aaronbicart’s review published on Letterboxd:
This film had almost everything I want from a movie, so I’ve taken a lot of time to think about why it didn’t quite work for me. The cinematography was haunting; pale colors and a soft, ubiquitous light that left no room for shadows, empty landscapes meticulously framed to keep the horizon obscured by trees or tucked behind a hill, and shots that linger as characters march like ants into them or slink out of them. I thought the direction in this respect was excellent - every character’s self-confidence in this little world was reflected in their movement: cooks march in formation, doormen idle at attention, royals strut with heads held high or sit ever so still, while Diana creeps, waltzes, and fidgets. I found the performances convincing, and - in the case of Diana’s sons and her cook confidant - charming. The score is excellent and the costuming is gorgeous. So why then, does it feel so flat?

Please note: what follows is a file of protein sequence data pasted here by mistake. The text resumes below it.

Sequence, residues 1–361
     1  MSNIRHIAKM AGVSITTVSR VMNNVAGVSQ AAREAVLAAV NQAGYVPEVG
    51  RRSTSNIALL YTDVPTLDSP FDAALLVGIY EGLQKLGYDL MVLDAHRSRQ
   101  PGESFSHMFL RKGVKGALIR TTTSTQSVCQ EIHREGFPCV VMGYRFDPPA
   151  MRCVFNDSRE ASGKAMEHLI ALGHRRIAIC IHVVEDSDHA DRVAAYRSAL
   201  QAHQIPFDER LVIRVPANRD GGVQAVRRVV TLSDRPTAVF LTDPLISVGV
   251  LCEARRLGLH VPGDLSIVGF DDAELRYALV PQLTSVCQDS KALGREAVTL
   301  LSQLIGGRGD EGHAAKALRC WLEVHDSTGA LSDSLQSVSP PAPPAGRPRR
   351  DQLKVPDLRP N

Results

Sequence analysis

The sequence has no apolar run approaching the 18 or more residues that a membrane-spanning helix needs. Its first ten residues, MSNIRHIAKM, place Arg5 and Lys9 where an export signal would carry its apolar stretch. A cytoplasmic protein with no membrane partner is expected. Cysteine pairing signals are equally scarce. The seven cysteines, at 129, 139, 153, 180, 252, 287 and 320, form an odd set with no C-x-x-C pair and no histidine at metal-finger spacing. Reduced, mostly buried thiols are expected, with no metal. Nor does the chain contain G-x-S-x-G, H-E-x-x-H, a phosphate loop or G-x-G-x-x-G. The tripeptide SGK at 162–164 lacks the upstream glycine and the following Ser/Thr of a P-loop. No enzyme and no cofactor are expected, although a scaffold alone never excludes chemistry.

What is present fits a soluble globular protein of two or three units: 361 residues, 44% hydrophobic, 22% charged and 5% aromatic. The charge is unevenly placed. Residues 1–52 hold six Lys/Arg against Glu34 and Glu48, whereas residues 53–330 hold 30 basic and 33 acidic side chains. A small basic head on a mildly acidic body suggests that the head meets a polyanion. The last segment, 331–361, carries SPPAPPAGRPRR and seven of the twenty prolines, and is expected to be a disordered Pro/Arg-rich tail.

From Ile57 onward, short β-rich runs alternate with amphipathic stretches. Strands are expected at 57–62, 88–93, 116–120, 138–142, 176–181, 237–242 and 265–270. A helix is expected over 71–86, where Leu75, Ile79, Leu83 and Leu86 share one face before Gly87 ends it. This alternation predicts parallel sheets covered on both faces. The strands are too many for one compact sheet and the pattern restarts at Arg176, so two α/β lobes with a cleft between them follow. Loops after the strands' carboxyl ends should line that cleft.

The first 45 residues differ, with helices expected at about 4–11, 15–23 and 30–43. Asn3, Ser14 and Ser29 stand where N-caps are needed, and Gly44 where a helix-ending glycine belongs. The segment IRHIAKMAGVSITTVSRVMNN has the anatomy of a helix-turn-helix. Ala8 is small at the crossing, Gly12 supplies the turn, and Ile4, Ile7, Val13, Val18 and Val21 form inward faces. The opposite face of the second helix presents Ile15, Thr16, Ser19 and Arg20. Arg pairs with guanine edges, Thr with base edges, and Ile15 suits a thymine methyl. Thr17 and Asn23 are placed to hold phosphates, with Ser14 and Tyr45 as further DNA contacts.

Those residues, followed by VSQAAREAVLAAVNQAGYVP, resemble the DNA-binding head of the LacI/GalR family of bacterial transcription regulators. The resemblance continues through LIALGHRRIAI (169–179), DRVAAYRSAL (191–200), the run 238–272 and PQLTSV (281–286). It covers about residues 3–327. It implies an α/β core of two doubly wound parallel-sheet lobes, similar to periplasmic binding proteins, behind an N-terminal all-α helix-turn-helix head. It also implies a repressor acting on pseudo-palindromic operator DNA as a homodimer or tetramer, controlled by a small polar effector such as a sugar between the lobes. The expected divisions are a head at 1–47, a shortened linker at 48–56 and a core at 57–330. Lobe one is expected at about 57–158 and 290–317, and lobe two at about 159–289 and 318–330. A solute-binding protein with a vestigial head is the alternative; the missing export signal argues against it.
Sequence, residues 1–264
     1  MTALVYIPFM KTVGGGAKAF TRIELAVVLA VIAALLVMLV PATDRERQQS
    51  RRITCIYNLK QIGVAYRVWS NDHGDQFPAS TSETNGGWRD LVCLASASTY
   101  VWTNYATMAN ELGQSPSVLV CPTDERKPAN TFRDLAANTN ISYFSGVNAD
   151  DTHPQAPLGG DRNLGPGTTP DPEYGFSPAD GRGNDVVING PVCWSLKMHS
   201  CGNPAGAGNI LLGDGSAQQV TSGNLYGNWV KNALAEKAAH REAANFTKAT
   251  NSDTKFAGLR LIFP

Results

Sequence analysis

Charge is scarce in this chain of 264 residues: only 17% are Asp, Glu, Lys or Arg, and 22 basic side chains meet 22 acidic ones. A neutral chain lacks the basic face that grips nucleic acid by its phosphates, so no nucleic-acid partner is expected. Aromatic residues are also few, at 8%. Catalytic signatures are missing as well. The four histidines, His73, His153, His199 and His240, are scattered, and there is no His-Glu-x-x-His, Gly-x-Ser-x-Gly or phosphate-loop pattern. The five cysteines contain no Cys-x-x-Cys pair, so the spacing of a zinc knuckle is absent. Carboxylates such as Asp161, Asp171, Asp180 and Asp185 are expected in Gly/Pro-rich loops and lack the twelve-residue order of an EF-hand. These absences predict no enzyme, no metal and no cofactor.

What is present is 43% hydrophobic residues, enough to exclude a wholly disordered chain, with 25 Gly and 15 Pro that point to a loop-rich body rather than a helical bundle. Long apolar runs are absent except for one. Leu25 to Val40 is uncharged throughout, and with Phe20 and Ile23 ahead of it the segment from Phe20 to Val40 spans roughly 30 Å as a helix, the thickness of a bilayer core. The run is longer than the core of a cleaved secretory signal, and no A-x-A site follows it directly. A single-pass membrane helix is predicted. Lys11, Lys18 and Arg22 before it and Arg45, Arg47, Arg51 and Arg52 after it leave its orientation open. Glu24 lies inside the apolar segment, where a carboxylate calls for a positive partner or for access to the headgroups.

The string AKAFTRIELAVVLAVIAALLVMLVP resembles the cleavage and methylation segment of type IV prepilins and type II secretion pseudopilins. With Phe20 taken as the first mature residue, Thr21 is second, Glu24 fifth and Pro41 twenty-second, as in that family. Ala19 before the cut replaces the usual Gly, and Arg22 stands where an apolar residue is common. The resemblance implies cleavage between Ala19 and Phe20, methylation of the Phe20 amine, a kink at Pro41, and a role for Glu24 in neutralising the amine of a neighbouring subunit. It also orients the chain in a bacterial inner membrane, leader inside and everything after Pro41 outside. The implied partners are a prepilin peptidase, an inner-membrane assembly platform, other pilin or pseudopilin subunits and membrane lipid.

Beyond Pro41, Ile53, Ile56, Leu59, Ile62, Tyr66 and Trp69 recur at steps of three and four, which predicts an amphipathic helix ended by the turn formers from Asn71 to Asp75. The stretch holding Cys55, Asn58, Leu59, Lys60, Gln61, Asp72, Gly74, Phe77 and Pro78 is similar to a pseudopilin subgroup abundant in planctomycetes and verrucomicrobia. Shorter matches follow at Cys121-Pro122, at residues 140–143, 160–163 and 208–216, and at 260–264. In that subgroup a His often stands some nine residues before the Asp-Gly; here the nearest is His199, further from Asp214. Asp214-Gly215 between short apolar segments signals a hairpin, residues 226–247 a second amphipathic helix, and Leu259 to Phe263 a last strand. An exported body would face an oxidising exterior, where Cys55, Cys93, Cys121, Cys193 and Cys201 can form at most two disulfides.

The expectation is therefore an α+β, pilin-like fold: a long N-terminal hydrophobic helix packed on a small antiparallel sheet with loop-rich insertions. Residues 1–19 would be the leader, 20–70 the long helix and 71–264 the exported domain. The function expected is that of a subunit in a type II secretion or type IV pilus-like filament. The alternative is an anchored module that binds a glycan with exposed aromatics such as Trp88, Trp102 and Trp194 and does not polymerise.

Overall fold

SCRIPT BAD. The stakes of this christmas weekend are absent, the tension reliant on your understanding of the greater context of Diana’s life and your sympathy for her difficulty showing up to dinner on time. As a result we are to believe that she is in fact Jesus Christ for having to get dressed with her blinds closed and not a petulant child. Also every single metaphor in the film believes subtext is for cowards.
There have to be two reviews, the one that is real, that your friends read, that everyone takes seriously. And then there is the real review.
THIS FILM SHOULD’VE EXPLICITLY INCLUDED THE ROYALS PLOTTING THE MURDER OF PRINCESS DIANA. 2/5